On whether any potential options -- left unsaid is Chris Paul -- have been eliminated since the end of the season:

Mark Cuban: "No, not at all. Nothing has really changed. Our approach has always been to be opportunistic and explore all of our options, and that’s exactly what we’re going to do. We haven’t closed any doors, and as far as we know, there haven’t been any doors that have been closed to us. We’re just going to run them all out there and see what happens.”

On the sales pitch to convince a max free agent to decline the fifth year and larger raise his current team can offer:

Mark Cuban: “First, you try to look what is important to the player. All players say they want to win rings, and that’s true. All players want to make as much money as they can and that’s true. They all view their careers differently, and I try to focus on what we can do to help them reach their career goals and put them in a position to succeed.

"In terms of that fifth year, that really is overrated from the perspective that if he’s young enough, he’s going to get another contract or two. When you sit down with them and say that there might be the issue of this contract ends before we can opt out of this current CBA. That may sound silly since we just signed a new CBA two years ago, but the ability for the league to opt out after six years means a five-year contract signed now puts you other side of that CBA, which may not be a good thing. You may want to be in a position where you want to sign another long-term deal before the NBA has the option to opt out of this CBA. I’m not suggesting that anything is going to happen with this CBA, but it’s just something to consider. On the second side of that, you’re young enough to get another contract.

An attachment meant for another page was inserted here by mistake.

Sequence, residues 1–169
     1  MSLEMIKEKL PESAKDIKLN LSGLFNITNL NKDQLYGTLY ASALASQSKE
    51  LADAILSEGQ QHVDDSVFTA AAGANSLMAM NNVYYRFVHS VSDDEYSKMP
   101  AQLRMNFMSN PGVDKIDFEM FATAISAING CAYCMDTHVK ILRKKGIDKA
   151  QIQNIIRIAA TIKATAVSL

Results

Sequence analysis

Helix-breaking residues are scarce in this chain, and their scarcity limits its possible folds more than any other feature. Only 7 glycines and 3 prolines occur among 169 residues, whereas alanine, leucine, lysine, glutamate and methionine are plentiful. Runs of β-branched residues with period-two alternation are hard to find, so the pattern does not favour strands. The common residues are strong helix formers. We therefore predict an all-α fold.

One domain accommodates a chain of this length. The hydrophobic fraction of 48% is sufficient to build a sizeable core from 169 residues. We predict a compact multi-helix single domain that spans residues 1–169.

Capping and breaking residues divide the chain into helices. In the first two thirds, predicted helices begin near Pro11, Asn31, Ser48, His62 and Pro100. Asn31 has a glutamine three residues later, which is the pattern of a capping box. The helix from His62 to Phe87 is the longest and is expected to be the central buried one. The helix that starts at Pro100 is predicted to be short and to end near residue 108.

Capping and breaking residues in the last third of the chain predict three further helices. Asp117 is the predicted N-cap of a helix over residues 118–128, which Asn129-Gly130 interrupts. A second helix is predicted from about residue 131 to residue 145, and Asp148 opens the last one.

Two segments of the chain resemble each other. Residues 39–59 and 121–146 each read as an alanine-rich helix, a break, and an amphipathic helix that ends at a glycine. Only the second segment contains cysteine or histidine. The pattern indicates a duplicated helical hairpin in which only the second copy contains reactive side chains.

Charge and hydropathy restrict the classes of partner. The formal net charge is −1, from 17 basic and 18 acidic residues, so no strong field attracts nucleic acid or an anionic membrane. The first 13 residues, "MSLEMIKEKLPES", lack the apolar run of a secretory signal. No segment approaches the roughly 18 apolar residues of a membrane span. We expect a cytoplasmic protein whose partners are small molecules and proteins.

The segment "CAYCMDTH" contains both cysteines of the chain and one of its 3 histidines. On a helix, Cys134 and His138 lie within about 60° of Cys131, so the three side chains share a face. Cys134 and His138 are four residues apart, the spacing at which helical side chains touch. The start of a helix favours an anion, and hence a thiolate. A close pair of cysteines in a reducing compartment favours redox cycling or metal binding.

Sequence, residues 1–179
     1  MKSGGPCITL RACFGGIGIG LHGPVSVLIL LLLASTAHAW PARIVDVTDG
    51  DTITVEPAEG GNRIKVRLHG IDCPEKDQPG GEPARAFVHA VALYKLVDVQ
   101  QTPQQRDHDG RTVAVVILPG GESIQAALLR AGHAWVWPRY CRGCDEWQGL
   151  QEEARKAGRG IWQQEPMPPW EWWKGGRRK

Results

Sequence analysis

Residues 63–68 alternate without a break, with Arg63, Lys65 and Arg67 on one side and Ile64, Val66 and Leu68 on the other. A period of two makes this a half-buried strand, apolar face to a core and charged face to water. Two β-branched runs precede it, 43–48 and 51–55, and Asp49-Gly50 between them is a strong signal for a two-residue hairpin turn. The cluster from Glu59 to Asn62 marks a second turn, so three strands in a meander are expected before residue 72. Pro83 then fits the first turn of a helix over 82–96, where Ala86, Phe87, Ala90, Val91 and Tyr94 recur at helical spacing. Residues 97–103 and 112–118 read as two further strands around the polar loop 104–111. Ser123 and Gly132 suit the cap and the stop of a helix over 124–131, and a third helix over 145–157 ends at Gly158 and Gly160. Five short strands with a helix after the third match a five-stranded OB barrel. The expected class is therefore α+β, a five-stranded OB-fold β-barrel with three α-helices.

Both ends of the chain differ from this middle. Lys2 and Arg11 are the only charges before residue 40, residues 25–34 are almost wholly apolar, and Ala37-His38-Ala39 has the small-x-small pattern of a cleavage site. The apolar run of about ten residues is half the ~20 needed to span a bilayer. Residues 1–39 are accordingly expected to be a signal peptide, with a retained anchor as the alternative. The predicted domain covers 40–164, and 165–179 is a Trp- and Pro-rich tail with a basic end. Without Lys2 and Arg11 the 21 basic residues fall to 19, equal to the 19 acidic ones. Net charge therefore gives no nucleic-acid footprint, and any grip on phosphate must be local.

"The third point, look at what LeBron [James], Kevin Durant, [Chris] Bosh and all those guys did. They all signed deals with opt-outs after three years, so there’s plenty of precedent. It’s not like all of these guys have to have that fifth year. A lot of them look at the flexibility and the options, and they have enough confidence in their ability to get that next contract. They have enough confidence in their ability to find insurance contracts in case they get hurt.”